Report Shows Increase in Toy-related Injuries Treated in U.S. Emergency Rooms
- Prevent Blindness Offers Tips on How to Purchase Safe Toys and Gifts for Kids-
CHICAGO (Nov. 23, 2015) – In 2013, the U.S. Consumer Product Safety Commission (CPSC) estimated that hospital emergency rooms across the country treated 265,700 toy-related injuries, compared to 265,000 the year before. And, 73 percent of those injuries were to children under the age of 15. In fact, approximately 83,700 were to those under 5 years of age.
As with previous years, the most commonly injured part of the body is the head and face area, with the most common injuries being lacerations, contusions, or abrasions. The top three specifically identified toys associated with the most estimated injuries for all ages in 2013 were non-motorized scooters, toy balls and toy vehicles.
Prevent Blindness, the nation’s oldest non-profit eye health and safety group, is offering tips to buyers to help make sure all gifts are safe, especially those intended for children.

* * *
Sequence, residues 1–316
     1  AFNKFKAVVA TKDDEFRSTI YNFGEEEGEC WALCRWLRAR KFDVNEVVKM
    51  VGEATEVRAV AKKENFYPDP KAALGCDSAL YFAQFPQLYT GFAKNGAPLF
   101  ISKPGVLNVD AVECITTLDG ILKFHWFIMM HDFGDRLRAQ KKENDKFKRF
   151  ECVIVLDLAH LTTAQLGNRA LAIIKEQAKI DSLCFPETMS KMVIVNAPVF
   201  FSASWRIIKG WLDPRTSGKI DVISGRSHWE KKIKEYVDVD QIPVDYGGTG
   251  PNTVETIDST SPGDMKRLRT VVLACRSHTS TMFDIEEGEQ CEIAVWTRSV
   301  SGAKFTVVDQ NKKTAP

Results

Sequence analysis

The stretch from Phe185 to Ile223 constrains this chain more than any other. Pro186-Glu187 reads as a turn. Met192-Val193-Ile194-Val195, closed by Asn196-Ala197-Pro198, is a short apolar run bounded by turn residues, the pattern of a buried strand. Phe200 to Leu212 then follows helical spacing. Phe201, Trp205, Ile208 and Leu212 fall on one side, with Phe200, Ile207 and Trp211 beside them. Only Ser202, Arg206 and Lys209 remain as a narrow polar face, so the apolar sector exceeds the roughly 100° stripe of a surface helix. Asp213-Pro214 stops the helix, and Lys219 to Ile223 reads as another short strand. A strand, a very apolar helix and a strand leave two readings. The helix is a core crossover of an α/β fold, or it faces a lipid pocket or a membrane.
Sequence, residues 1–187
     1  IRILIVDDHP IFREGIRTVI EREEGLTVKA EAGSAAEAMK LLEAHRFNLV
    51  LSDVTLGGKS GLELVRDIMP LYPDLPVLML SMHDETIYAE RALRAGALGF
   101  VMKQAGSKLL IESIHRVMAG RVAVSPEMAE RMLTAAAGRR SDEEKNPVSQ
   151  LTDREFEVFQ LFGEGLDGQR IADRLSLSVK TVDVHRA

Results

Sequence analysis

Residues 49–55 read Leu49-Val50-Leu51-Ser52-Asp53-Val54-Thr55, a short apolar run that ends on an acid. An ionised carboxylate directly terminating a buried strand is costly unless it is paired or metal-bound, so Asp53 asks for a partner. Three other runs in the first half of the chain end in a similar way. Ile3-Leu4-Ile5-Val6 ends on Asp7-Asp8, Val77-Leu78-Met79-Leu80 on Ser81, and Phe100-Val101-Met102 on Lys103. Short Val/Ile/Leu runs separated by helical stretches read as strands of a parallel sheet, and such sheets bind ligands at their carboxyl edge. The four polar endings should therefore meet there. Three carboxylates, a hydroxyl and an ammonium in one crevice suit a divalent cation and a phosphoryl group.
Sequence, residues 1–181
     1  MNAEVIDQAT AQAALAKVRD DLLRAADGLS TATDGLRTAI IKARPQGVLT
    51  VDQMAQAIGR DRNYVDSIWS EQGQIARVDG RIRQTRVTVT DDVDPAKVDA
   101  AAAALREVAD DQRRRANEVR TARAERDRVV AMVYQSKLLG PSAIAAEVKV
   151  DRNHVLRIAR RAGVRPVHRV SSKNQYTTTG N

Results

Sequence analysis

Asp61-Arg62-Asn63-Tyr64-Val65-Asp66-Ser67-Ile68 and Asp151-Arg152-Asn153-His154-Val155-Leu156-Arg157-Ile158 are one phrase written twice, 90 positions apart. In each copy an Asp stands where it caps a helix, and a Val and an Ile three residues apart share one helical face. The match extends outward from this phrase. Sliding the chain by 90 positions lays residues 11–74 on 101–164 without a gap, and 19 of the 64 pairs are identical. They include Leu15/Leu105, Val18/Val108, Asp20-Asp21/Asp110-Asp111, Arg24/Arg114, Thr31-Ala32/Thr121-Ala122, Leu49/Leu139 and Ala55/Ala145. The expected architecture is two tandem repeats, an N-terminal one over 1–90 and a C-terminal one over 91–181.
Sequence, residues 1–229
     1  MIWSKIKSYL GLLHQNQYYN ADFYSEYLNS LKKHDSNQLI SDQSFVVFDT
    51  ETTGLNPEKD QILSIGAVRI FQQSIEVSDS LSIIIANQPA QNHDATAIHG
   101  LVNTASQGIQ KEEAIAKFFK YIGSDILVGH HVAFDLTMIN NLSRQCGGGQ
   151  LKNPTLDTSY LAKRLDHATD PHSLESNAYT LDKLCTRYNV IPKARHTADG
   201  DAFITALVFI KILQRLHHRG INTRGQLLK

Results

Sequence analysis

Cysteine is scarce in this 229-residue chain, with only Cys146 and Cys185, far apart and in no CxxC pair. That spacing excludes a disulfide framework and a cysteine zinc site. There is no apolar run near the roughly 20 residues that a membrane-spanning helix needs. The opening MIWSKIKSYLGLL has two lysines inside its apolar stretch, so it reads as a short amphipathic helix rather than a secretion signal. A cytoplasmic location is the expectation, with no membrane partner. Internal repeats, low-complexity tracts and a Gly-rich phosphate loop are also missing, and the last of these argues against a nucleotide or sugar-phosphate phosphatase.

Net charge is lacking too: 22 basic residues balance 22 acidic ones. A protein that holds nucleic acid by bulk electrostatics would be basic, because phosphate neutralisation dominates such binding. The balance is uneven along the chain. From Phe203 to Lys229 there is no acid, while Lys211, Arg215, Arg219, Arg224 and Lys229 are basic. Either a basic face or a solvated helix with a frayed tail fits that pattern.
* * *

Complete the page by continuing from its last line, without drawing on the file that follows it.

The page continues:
“According to the CPSC, there were 700 more toy-related injuries than the previous year,” said Hugh R. Parry, president and CEO of Prevent Blindness. “We must be diligent about taking the necessary precautions to avoid these types of accidents and help protect our kids.”
Before purchasing a toy or gift, Prevent Blindness suggests:
In addition, stay informed of recalled products. For further information on toy and product recalls, visit the U.S. Product Safety Commission Web site at www.cpsc.gov.
For more information on safe toys and gifts for children, visit preventblindness.org/safe-toy-checklist, or call Prevent Blindness at (800) 331-2020.